All bladders and water bottles are subject to bacterial growth. This can be controlled by cleaning during town stops. Fill with some water plus either water purifying tablets (chlorine-dioxide or sodium dichloroisocyanurate) or bleach (sodium hypochlorite). Shake, let sit for several hours, shake again, rinse. Some laundry bleaches contain perfumes and other additives, whereas MSR Sweetwater purifier solution is pure sodium hypochlorite. All liquid forms of sodium hypochlorite have the disadvantage that they degrade within 6 months or less of opening the sealed bottle, as the chlorine escapes, whereas tablets sealed in foil pouches are longer-lasting. Before putting bladders into storage, clean as just described then let thoroughly dry.

If temperatures will drop below freezing at night, store the bladder (or one of the bladders if bike touring) under the backpack/rackbag, which is spread out in front of the bugbivy near the head. This works especially well in the desert or high sierras in early autumn, when temps are typically well above freezing during the day and then fall below freezing at night, so that the earth is warm at sundown. The two layers of backpack/rackbag fabric will hold this earth heat, supplemented with heat from the head, to prevent the bladder from freezing. If uncertain if this will work, check the bladder during the night for signs of freezing. If the bladder threatens to freeze, bring it inside the bugbivy and under the quilt. The bottle (or one of the bottles when bike touring) can also be placed under the rackbag, or it can also be brought inside the bugbivy, or it can be emptied into the bladder in the evening and then refilled in the morning or whenever needed to cleanup after defecating.

1L Nalgene bottle

Nalgene HDPE wide-mouth. A bottle is easier to use for washing up and gathering water than a bladder, which is why I carry a bottle in addition to the bladder when hiking in the United States. The bottle also serves as an emergency backup in case the bladder breaks. 115 grams.

1.5L Nalgene bottles

Nalgene HDPE wide-mouth. MSR Dromedary bladders are reliable but still break occasionally, whereas bottles like these are almost indestructible and also easier to fill at water spigots, which is why I replaced the bladder and smaller bottle with these larger bottles for hiking in Europe. I also saved 50g of weight this way. The reduced capacity (3L versus 6.5L) is normally not a problem in Europe. If necessary, I can supplement with generic 1.5L bottles from the grocery store. 150g each.

600ml Nalgene bottles

Nalgene ATB bottles, with spigot cap replaced by MSR 3-in-1 cap (more durable and weighs 10 grams less), carried in bottle cages in front triangle of bike. Made of HDPE (high-density polyethylene) plastic like the other Nalgene bottles. However, for some reason those bottles never develop smells whereas these bottles start stinking of plastic after about a day, perhaps because the plastic is softer or perhaps because these bottles are left exposed to the sun rather than protected inside my backpack. I tried removing the smell with various methods (dilute bleach, full-strength bleach, denture cleaning tablets) but it returns almost immediately. It's as though the plastic were dissolving into the water. I only use the water in these bottles for cleaning purposes (toothbrush, washing hands and bottom, cleaning chain, rinsing salt off my face), so the smell is not that big an issue, though I'd prefer not to have such smell. If I were relying on re-usable bottles for drinking water while cycling, I'd probably go with stainless steel or aluminum. Or get an extra-large bottle-carrier and use 1.5L disposable water bottles from the grocery store. 95g each.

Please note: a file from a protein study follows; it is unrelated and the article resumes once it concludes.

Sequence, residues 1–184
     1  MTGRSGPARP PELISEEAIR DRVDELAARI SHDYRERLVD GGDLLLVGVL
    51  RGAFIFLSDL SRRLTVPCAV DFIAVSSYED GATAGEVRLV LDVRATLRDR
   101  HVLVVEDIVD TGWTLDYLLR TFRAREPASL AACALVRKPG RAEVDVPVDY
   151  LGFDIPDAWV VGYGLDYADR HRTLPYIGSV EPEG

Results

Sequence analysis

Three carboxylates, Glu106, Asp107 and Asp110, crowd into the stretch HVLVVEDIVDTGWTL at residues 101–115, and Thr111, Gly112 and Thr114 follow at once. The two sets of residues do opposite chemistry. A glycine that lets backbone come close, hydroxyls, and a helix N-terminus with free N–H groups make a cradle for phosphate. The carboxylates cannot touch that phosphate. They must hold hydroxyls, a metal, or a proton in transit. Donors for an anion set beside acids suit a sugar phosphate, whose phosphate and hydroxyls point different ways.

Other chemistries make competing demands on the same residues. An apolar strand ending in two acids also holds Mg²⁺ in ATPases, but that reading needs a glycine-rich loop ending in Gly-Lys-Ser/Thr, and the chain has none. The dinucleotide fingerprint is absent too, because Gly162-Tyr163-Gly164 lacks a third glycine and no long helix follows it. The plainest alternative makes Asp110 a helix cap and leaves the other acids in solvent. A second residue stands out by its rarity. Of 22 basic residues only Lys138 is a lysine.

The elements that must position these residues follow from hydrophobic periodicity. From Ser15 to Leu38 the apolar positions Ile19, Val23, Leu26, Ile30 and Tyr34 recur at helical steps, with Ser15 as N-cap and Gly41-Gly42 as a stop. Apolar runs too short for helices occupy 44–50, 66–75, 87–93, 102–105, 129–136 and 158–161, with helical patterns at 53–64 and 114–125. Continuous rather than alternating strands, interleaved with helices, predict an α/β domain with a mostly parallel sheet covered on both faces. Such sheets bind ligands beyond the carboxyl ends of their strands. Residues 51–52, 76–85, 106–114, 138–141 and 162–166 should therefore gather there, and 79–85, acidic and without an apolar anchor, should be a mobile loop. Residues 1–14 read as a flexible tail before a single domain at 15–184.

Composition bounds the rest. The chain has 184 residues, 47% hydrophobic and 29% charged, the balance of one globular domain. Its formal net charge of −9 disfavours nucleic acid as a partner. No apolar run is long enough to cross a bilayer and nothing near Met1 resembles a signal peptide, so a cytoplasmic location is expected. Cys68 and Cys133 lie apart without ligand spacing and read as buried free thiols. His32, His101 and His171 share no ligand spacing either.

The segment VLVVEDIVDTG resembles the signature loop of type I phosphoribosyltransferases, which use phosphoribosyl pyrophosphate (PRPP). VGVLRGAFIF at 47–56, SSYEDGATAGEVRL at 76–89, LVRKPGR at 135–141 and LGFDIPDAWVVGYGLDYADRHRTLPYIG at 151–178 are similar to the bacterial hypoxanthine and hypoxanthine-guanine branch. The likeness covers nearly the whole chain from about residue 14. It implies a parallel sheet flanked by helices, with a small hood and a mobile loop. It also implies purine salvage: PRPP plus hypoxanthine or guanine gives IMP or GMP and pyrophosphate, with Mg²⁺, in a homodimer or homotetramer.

Generic 1L bottle

Polyethylene water bottle from grocery store in Spain, originally contained carbonated water. 35g each.

6L bladders

MSR Dromedary (urethane-lined cordura, 235 grams including carrying strap). Though capacity is nominally 6L, in practice I can only fill to about 5.5L under field conditions.

MSR Dromedary bladders are the only water bladders I trust. I absolutely do not trust the Platypus and similar polyethylene bladders. Aside from being prone to cracking and leaking, these polyethylene bladders have sharp edges, which tend to cut other items in the pack, and the clear plastic promotes growth of algae. The weak point of MSR bladders is the seam between hard plastic opening and fabric. This seam is much weaker on the MSR Dromlite than the MSR Dromedary, due to the much lighter fabric on the former. I experienced such a seam breakage on a 4 liter MSR Dromlite after about a month of usage. I also heard reports of other backpackers on the PCT having damage to this seam on their MSR Dromlites. Dromedaries weighs more than Dromlites (or Platypus and similar polyethylene bladders), but I am far more concerned about reliability than a small amount of extra weight where water bladders is concerned. Even if using the stronger Dromedary, I advise inserting a finger in the opening to hold the bladder while filling, rather than using the handle, so as to reduce stress on the opening to fabric seam, since this is the weak point of these bladders.